Louise and Kimberley Renicks concerned about Rio funding
Louise Renicks is concerned that a lack of funding will shatter her sister Kimberley's dream of competing for Britain's judo team in the Olympics.
Kimberley Renicks, 27, is Britain's top-ranked player at -48kg but needs a strong run of results to leap almost 25 places into the world's top 16.
"We budgeted for £20,000 for the full year. We got £8,000 and that's all spent," said Louise of her fundraiser.
"Unfortunately, in judo there is only a small amount of funding."
The Renicks sisters, from Coatbridge, enjoyed high profiles during the 2014 Commonwealth Games in Glasgow, winning the host country's first gold medals.
However, the battle for funding, combined with recurring injuries, led 32-year-old Louise to retire from competitive judo this summer.
She now combines a part-time job as a sports development officer with coaching her younger sister and helping her realise her dream of fighting in Rio.
Louise sees part of her role as shielding Kimberley, who has returned from a shoulder injury, from the stress of finding money for flights and accommodation, with the duo using a crowd-funding website.
Money from Judo Scotland, who are allowing Louise to help with her sister's programme up until the Olympics, will cover Kimberley's costs in January but Louise feels British Judo should be doing more to help in the months that follow.
"The British trials are in two weeks' time and it will be Kimberley's last competition of the year," she said.
"Even getting the number one spot, she will be hoping British Judo can provide something.
"I know that January competitions are covered so it's February and March competitions that we need to worry about.
"Even taking the British number ones for the girls and the boys in the seven weight categories, that's 14 athletes but only eight athletes get that funding.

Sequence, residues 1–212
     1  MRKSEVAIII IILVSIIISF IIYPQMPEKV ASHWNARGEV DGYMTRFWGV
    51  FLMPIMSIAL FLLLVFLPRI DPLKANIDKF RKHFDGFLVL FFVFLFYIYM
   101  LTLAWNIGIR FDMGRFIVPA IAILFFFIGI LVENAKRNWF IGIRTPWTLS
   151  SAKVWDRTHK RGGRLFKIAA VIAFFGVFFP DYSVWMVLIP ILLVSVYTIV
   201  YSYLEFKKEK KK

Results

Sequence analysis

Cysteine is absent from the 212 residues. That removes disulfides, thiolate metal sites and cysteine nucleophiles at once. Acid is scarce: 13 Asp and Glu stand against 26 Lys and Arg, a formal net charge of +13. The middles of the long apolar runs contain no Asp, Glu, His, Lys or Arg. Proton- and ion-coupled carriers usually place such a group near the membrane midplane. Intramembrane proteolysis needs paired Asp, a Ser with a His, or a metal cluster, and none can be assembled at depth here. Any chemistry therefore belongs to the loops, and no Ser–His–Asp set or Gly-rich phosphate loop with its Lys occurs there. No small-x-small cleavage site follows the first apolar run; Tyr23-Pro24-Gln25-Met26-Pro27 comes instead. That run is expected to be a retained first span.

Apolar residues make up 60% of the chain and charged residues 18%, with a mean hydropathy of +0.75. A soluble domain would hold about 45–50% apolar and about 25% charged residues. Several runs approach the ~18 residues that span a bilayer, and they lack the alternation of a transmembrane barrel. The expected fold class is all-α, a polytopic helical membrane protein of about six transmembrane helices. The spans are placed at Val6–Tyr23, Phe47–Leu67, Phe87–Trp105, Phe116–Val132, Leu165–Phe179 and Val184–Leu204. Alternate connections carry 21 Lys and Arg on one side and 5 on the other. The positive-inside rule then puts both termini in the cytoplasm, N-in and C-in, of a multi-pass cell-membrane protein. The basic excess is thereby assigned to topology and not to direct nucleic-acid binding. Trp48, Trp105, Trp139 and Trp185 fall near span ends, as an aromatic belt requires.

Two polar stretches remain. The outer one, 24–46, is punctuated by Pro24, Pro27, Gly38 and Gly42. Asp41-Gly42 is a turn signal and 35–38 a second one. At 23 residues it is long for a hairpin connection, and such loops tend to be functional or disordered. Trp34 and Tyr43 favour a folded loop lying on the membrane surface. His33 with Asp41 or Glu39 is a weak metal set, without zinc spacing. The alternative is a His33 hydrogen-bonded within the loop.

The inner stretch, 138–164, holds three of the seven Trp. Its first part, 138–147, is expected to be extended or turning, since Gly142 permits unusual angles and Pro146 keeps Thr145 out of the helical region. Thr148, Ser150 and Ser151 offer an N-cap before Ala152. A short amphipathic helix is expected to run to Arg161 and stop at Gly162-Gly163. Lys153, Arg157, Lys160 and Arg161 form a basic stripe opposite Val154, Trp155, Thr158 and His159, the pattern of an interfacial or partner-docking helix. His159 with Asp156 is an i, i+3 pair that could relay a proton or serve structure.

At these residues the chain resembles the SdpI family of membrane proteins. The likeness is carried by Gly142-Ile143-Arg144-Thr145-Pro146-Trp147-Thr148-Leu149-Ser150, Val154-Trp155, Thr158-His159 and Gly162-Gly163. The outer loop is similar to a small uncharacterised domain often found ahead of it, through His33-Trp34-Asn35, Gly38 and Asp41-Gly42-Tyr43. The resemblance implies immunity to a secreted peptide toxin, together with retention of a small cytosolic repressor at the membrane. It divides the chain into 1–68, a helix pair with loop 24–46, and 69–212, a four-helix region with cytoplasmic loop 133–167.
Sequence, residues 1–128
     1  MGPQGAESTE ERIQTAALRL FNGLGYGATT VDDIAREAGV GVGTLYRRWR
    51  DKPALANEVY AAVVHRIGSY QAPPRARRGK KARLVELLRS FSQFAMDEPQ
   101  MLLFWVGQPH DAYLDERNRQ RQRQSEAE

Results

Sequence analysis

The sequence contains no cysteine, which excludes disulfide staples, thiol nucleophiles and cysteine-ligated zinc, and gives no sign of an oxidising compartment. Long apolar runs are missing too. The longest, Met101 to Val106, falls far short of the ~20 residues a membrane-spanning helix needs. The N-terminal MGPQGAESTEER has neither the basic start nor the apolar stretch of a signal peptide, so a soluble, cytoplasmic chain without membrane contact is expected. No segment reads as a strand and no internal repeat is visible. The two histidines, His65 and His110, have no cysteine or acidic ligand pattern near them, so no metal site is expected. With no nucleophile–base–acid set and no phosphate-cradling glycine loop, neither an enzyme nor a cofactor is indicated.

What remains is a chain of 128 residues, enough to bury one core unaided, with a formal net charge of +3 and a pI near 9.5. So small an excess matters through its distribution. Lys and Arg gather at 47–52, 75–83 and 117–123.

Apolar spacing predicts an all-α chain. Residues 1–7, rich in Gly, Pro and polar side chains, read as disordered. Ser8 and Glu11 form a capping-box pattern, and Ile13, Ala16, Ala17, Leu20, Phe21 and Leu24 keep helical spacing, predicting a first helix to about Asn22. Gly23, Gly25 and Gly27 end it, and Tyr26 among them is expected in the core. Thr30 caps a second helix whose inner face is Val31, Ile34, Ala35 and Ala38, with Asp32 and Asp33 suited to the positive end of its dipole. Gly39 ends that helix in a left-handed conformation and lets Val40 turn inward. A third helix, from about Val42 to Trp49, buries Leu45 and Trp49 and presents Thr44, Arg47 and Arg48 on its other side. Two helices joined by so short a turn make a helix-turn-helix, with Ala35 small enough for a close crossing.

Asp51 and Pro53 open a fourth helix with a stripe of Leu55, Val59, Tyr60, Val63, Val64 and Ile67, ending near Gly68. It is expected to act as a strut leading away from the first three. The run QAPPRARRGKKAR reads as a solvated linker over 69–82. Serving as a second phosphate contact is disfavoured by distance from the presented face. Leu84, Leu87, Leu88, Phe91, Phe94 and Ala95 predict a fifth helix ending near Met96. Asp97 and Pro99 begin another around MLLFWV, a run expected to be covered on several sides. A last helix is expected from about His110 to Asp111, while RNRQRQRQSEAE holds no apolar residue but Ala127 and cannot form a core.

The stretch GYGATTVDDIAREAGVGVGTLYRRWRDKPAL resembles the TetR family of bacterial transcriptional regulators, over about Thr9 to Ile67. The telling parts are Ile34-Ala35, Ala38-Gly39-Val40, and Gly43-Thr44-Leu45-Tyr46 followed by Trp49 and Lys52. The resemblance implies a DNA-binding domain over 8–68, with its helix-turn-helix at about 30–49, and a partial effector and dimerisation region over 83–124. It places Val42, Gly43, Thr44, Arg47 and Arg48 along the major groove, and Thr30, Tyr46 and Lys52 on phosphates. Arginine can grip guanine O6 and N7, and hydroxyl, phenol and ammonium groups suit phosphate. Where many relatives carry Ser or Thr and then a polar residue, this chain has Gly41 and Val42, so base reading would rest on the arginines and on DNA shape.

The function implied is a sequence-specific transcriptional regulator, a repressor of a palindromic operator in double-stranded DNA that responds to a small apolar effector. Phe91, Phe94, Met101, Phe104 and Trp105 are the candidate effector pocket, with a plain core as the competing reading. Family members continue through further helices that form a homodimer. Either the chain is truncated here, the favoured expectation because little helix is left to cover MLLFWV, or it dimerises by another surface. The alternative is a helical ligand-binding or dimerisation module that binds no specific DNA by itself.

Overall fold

"Money might go to athletes in other weight categories with a slightly better record.
"[Since the Commonwealth Games] money went up in certain areas but it's not gone up so much in the elite side to give athletes a wage to be able to live and pay for competitions.
"It's still quite low there, but in the development side, the recreation side, the active side, all that has gone up in Scotland.
"It's hard to go to the Olympics and get your dream."
The sisters targeted an initial six events to boost Kimberley's ranking points, but she lost in the first round of the first two, then picked up two bronze medals before two last-16 finishes in Grands Prix.
"Out of the 500 points she needed, she came away with just over 120 so we need in the 300 mark," said Louise of her sister's Rio target.
The Renicks' travels for ranking points in the coming months will take in 12 competitions and will include destinations such as Cuba, Chile, Uruguay and Argentina, plus some in Europe.
"I'm going to the other side of the world to fight the athletes that, if I do qualify, I will come up against at the Olympics," said Kimberley. "You have to learn how to fight their style.
"It's a full-time job but you don't get paid for it. That's the hardest bit. But walking away from Rio with a medal would be a dream come true."